# Selection Sort using TypeScript!

Seems strange? Of course, folks.

I’ve recently learned that TypeScript can do more than just declare interfaces, enums, and the like. I am grateful to **Matt Pocock** for creating the **TypeScript YouTube tutorials** and series. I was able to easily understand the advanced TypeScript ideas, thanks to this tutorial.

Gist: Developing Selection sort is made feasible with the right use of TypeScript **generics**, **infer**, **extends**, and many more additional assets.

While creating this selection sort, I made an effort to compare it to or make it resemble a straightforward [O(n²)] JS Selection sort algorithm.

Following is a code snippet of **Selection Sort algorithm with O(n²)** complexity.

With the exception of the element swapping, I was able to translate this into TypeScript. Once the smaller of two is identified, I did slice my array rather than swap.

Eg. const array = [2,1,5,0],

is array[0] > array[1], if yes, push the smallest one in a different so called sorted array. And for the next iteration revamp the comparing array.

Therefore, after first iteration in this case, the resultant array left to sort is, [2,5,0] and the sorted array for next iteration(after iterating this for array.length times) would be [1,2,0,5].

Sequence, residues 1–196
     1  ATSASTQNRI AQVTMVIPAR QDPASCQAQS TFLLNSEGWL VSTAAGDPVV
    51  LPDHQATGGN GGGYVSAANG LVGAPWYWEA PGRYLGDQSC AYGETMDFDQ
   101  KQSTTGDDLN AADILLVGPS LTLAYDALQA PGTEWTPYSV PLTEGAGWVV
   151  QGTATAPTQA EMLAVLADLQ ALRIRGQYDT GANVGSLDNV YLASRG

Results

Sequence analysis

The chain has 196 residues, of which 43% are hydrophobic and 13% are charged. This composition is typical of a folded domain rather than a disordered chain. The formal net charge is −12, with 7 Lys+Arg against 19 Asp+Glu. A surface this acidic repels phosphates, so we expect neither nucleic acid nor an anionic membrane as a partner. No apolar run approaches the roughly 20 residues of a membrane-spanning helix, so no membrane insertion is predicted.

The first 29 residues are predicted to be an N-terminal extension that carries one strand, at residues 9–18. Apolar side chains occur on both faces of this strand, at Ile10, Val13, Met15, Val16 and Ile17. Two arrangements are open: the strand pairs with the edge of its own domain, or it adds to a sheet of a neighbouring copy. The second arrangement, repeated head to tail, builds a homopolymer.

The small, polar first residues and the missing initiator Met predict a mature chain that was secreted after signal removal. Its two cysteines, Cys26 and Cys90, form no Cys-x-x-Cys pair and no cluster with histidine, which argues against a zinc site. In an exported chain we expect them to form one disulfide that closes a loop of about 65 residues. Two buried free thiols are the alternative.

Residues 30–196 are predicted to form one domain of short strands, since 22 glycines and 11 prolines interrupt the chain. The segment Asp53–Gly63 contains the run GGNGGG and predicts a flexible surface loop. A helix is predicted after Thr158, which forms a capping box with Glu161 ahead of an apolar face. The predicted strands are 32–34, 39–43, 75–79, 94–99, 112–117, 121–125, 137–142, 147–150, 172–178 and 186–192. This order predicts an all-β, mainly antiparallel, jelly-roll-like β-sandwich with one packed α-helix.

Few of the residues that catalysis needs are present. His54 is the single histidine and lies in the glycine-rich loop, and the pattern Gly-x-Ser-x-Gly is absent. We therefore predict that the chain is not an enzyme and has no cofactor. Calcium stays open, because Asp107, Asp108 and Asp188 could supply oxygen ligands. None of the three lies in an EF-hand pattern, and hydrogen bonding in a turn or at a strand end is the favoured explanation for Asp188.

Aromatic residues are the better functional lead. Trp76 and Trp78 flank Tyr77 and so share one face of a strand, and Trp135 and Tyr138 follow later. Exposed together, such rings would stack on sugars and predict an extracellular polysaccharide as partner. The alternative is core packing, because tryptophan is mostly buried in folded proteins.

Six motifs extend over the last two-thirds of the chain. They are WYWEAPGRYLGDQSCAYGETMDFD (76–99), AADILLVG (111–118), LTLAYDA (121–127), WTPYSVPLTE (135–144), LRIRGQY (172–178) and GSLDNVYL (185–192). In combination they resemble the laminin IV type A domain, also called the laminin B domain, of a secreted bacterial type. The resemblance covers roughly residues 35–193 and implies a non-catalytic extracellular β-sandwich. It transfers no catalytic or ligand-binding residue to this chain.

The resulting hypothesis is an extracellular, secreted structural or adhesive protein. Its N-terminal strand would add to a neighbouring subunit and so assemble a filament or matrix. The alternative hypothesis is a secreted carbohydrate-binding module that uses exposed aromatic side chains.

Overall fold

I also made a comparator that will subtract both numbers and work appropriately for comparing two indexes (first and second).

Below is the** type interface of the Comparator **which uses the **Subtract** **type**.

The Selection sort interface consumes the following arguments,

T — Input array which is extends/typeof number[]

C — Current iteration state of elements, to check if the iteration is done for all array elements

A — Total iterations state, should be equal to the length of input array to output the sorted array.

B — In current iteration, stores the elements remaining to be compared

M — In current iteration, stores the small elements accordingly.

# Recursive type, DAMN!! 🤯

**TypeScript playground** — link